“I don’t have many insights into his legal approach except to say there is no human being, on the planet, with more knowledge about federal criminal law than Michael Dreeben, and no one with more expertise than him,” said Leah Litman, a constitutional law professor at University of California at Irvine.
One of his particular areas of expertise has been in search and seizure law, explained Matt Olsen, a former Deputy Assistant Attorney General and now an ABC News contributor. Dreeben has recently argued, for example, that federal prosecutors should have access to digital data stored outside the United States and that the government’s collection of cell-tower records does not violate constitutional protections against unreasonable searches.
Peter Carr, a apokesman for the special counsel’s office, declined to comment for this report. While few know where the Mueller case will head next, legal analysts expect Dreeben to play a key role in ensuring that special counsel prosecutors stay on the right side of the Constitution.
“I can imagine Michael being responsible for a host of pressing constitutional issues that might arise, ranging from the indictability of a sitting president to the lawfulness of the use of the pardon power,” said Paul Rosenzweig, a former Whitewater investigator and senior fellow at the conservative think tank R Street Institute.
Another potential constitutional brawl “would be a fight for a compelled interview if the president refused to sit down with Mueller,” said Jonathan Turley, a constitutional law professor at George Washington University Law School, who noted that the law in this area remains unsettled.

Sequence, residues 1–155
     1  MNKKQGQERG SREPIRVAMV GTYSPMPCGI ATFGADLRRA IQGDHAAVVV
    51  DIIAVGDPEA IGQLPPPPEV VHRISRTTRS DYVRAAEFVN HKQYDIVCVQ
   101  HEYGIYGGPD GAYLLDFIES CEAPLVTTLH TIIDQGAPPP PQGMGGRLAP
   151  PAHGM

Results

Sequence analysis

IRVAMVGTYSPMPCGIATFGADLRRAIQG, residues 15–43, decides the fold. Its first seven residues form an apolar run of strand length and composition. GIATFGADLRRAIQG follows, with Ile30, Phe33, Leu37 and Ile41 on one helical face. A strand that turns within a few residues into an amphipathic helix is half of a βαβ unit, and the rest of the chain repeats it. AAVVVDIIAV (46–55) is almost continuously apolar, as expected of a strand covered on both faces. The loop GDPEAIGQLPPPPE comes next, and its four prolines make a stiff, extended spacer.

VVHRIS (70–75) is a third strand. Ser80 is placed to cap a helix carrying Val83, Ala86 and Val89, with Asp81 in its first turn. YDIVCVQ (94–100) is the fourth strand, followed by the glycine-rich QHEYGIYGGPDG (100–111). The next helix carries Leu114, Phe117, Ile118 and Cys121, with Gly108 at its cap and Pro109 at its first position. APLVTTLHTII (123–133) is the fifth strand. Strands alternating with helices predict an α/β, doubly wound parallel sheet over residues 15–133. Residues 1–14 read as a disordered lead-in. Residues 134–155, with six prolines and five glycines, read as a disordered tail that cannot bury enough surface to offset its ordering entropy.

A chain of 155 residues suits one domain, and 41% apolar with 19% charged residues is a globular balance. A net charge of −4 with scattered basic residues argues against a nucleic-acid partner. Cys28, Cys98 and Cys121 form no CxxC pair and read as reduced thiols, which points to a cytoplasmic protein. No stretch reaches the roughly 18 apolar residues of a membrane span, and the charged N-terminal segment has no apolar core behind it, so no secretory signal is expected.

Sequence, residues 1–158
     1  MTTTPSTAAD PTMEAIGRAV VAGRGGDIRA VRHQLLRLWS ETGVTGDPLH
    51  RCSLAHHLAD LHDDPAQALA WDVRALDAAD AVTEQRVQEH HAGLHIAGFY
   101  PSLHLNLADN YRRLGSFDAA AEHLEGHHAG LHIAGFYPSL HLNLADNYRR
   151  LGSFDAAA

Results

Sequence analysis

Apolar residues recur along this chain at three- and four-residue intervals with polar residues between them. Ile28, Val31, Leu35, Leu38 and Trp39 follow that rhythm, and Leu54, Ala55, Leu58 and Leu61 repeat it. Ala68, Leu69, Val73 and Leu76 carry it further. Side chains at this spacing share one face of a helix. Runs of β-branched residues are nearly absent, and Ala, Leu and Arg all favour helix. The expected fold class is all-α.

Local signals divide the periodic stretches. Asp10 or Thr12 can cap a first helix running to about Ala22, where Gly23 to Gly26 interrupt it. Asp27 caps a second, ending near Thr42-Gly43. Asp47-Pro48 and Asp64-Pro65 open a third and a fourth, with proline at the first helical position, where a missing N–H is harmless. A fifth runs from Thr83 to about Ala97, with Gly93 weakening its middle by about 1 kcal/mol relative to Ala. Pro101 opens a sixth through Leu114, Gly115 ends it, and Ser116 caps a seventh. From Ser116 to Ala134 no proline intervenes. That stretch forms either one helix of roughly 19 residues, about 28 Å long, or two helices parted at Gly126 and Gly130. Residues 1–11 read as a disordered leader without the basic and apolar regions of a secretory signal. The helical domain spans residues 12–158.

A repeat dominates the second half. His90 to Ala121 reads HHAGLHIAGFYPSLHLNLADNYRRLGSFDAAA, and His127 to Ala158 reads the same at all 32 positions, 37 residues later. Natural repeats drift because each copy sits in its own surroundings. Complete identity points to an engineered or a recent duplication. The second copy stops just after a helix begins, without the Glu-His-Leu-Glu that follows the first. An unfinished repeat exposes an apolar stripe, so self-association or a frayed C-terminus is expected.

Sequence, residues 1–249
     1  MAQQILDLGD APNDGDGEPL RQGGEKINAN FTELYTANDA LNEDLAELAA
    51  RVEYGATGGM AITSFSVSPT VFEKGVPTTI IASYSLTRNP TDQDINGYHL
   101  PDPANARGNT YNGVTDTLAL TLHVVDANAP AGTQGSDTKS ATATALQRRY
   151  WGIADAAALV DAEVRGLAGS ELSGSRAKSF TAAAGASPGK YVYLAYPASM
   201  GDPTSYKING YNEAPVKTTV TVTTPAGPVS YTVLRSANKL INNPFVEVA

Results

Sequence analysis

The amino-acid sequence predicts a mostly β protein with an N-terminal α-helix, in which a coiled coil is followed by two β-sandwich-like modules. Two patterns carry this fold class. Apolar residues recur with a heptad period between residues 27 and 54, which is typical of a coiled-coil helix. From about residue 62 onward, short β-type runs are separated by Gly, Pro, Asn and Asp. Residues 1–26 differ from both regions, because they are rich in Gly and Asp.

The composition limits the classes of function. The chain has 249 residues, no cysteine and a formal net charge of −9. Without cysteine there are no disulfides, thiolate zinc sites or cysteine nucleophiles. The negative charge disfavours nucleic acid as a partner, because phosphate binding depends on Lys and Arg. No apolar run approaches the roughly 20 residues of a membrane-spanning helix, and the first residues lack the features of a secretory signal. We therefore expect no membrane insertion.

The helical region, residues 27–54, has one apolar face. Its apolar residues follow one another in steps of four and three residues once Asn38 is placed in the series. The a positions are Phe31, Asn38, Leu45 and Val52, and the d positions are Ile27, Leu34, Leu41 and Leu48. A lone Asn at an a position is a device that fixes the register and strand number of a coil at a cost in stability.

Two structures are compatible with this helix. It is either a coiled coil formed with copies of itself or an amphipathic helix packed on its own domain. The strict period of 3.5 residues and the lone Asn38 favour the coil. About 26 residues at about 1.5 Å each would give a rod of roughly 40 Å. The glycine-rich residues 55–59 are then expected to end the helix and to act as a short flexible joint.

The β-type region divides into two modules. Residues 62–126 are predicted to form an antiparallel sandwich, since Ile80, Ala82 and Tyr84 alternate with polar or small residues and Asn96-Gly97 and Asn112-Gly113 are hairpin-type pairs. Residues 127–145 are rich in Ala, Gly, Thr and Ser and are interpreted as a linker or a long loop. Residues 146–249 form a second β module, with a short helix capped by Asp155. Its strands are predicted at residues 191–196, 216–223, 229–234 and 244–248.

Most prosecutors on the Mueller team have maintained a low profile, but there have been hints in recent weeks that some Trump supporters plan to challenge the integrity of the probe by highlighting the political leanings of some of the prosecutors on the case. Veteran appellate lawyers told ABC News they cannot imagine any critique of that nature sticking to Dreeben.
“I have no idea what his politics are, but I know he is as faithful to the Constitution and laws of the United States as anyone who has ever served in government. Period. He is the consummate public servant,” said Neal Katyal, a former acting solicitor general under President Barack Obama.
Katyal said that Dreeben cares more about fairness than winning. He recalled an incident when Dreeben told him, “We won this case in the court of appeals, but we really should have lost it. So let’s tell the Supreme Court to hear the case and rule against us.”
Marty Lederman, a professor at Georgetown University Law Center who worked with Dreeben at the Justice Department for over a decade, said the veteran prosecutor is not swayed by politics.
“With him and others like him on the team you can be confident that the prosecution will go where it ought to,” Lederman said.